Last week the Times of India announced they are collaborating with Facebook in their campaign to enroll voters, especially young voters. Facebook India users will now have the option of adding 'Registered to Vote' to their Facebook profile, under the section for Life Events – Travel & Experiences.

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WeGov

The Rise of 'Selfless' Selfies in Online Activism

BY Jessica McKenzie | Friday, September 6 2013

Take selfies to be proud of, be a selfie activist (Helga Weber/Flickr)

The selfie portrait, omnipresent on most social networking sites, starting with MySpace, has recently found a higher calling: activism. Last month Filipinos organized an online protest of public transit fare hikes under the hashtag #StrikeTheHike. They encouraged supporters to upload selfies with protest messages to Facebook, Twitter or Instagram. Another #SelfieProtest in the Philippines is already under way, calling for the abolishment of the “pork barrel” budgeting system following a corruption scandal implicating at least three senators.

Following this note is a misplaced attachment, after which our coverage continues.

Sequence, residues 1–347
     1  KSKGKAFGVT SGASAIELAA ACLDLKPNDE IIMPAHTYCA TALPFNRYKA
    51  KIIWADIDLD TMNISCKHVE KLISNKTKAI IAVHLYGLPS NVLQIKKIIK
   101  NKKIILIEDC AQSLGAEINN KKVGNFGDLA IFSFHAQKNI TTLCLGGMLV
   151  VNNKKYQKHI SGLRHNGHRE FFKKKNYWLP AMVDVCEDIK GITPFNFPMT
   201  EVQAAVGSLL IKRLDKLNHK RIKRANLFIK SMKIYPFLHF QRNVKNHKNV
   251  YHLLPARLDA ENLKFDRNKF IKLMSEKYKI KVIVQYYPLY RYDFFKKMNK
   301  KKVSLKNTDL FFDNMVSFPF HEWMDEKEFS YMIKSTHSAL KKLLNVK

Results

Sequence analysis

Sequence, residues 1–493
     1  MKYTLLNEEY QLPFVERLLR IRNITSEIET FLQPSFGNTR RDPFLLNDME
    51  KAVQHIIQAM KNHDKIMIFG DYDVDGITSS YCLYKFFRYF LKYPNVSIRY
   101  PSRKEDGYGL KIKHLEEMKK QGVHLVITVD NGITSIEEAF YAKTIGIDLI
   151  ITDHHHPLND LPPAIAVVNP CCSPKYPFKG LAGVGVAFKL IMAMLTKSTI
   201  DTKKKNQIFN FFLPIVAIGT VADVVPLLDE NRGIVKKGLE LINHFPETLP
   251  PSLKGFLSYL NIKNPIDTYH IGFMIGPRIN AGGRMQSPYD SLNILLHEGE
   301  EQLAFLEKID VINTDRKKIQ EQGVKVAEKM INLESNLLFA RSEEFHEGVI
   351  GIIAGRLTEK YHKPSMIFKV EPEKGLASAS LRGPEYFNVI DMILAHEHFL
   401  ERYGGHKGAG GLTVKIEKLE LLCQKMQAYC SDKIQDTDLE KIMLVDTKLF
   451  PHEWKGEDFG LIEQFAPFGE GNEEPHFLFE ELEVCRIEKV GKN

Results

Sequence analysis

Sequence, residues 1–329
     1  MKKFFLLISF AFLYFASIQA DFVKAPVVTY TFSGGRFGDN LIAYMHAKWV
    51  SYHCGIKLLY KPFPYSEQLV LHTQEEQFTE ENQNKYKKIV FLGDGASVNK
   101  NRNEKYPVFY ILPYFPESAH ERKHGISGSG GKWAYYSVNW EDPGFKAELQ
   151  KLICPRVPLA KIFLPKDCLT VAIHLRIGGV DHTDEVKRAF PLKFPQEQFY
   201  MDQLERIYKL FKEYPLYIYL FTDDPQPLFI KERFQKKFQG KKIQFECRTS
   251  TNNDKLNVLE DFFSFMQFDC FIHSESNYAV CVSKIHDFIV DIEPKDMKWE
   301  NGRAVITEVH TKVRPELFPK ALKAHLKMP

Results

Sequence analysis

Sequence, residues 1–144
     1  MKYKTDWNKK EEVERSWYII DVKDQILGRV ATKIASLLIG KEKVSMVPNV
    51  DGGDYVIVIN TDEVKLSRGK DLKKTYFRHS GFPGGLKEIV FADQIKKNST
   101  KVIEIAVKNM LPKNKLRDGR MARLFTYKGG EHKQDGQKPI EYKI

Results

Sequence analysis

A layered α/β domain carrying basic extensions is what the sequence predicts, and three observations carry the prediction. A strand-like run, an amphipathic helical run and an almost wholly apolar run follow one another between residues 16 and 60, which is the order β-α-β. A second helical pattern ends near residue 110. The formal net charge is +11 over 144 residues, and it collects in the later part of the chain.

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WeGov

In Italy, Online Tool Monitors Aid Money Post-Earthquake

BY Antonella Napolitano | Friday, September 6 2013

The main map on Open Ricostruzione website show the damages in the area and the donations received

On May 20, 2012, I was awakened suddenly at 4 a.m. in my apartment in Milan. It didn't take long for me to find out that most of Northern Italy had experienced the same that night. A 5.9-magnitude earthquake had hit nearby in Emilia-Romagna, the region just below Lombardy, causing severe damages in cities and villages and 27 deaths. While rescue and emergency efforts went relatively smoothly, rebuilding was entirely another matter. In Italy, the construction industry has often been at the center of corruption scandals and one of the most recent ones had started with an earthquake. But with the help of an online platform, those in Emilia-Romagna were determined not to repeat the mistakes of L'Aquila, where aid money allegedly disappeared into the pockets of corrupt politicians. Read More